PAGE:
Sublime Restlessness

A response to the refurbished Recasting Canova (i)

Exhibit in the Crawford Art Gallery, Cork by Paul Connell

Over Christmas of 2009, I was gifted a set of Winsor & Newton promarkers and oh, I remember the power it felt like to wield them. They bled through paper like molten colour, and stained my little plywood box easel in unapologetic collateral damage. One colour in particular still spills out of my memory, a colour that I ran out of a dozen times since and continue to crave; Aegean blue.


I have never seen the Aegean Sea where Theseus’s father drowned, but I refuse to accept that it is anything less than this rich, and suffocating shade of blue. It is a swallowing blue, as the founder king of Athens and later Icarus would discover, but it is perfectly opaque and smooth; like taut satin sheets, and like polished tar.

Neither falling man would so much as disturb the waters’ surface on their impact, but would simply vanish into its overwhelmingly tranquil depths and traceless oblivion.

This is the colour that now washes the Crawford Art Gallery’s sculpture saloon, and soaks the historic collection of Canova casts and other sculptures in their company.

Canova blue is as refreshing as a cool sea breeze, befitting of the former customs house of the port of Cork. The sculpture gallery is transformed. The martian red and cream always spoke to me of prestige and history and was more luxurious than particularly warm, but Canova blue and its supporting brilliant white are serratedly sharp, blithe and assertive of their bright and immersive novel vitality. The red was yawning while the blue is very much awake.

It is more than the sea, it is also the sky, and the sculptures adrift in the floorspace, like the bewitchingly modest Venus, are the foam, and the reliefs on the walls, darting in and out from behind her, are the clouds. Finally there remains the rock, weathered but unbudging. In the centre of the space, around which all other things ebb and orbit in its inescapable gravity, sits and ponders the Belvedere Torso, and my pride of the collection.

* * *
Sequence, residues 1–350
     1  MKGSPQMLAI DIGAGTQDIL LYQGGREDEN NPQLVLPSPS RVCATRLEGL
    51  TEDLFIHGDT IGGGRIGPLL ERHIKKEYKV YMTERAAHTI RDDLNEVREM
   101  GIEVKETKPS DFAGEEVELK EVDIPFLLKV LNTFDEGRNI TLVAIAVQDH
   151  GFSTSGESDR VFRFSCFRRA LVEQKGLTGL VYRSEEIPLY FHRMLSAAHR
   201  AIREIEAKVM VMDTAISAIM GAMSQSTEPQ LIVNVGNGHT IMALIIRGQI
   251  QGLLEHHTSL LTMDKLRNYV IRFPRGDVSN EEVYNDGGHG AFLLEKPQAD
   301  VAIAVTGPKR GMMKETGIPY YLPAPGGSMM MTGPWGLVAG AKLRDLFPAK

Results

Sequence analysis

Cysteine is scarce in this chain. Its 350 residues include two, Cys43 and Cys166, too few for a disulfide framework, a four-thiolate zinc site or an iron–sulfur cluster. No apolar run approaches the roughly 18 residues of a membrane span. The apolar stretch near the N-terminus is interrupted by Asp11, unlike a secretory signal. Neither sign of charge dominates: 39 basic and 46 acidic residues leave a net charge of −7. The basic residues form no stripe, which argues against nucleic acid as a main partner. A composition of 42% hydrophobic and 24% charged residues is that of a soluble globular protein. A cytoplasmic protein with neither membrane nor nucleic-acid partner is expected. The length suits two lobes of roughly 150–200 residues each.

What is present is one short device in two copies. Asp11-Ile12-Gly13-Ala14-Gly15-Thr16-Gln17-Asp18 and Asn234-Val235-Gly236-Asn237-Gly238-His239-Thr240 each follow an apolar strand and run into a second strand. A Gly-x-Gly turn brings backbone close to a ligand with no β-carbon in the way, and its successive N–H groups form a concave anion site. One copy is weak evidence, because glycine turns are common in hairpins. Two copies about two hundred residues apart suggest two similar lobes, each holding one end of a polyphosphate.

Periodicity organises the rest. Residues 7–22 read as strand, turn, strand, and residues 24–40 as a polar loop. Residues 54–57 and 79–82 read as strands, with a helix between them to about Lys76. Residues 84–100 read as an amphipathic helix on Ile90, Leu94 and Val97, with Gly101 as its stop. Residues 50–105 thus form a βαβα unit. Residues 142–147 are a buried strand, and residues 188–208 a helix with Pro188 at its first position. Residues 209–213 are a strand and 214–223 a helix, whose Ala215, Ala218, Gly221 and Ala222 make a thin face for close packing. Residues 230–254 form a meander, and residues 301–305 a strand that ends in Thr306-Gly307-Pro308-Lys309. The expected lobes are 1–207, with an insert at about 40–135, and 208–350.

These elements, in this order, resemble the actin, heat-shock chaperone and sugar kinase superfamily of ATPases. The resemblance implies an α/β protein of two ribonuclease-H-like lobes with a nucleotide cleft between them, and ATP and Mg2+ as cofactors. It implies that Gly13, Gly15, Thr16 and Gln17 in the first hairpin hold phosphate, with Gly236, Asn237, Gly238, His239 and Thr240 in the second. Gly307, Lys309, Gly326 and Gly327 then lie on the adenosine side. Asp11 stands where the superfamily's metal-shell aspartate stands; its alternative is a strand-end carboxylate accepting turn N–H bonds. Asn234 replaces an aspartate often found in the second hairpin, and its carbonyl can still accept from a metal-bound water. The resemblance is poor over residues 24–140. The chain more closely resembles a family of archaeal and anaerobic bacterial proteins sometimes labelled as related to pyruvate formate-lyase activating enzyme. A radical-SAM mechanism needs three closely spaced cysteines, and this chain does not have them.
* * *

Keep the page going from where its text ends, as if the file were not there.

The perching Titan swells in the space, dwarfing even the likes of Apollo and Laocoon, who stand helpless in its periphery. There is an endearing old adage that says sculpture exists somewhere between flesh and stone, as if it can be so easily plotted on an x & y graph. The Torso is not so humanly delicate, I do not believe it could bleed; it is closer to stone, or perhaps even further beyond that polar extreme, existing somewhere between flesh and the mountain from which it is hewn.

Laden with latent energy, the hulk cranes its arched back and aching spine as if rising from slumber, dozens of muscles along its sides and chest buckle under its weight. This interruption or punctuation in the motion as the torso tenses infects the viewer with the same asphyxiated and claustrophobic shortness of breath that the torso endures devoid of climax or release, never completing its stretch, frozen in strain. The strain of Ajax contemplating his suicide, or of Hercules crippled with guilt, the Belvedere Torso depicts tormented stillness in a form that would have me trembling, not unlike the shudder or shiver of a paused sit up exercise. If anything can neutralise or preserve this strain and tremble, like an insect in amber, it is the all encompassing Canova blue.

For me, drawing from the Torso was an exercise in conflict; restless; sublime.


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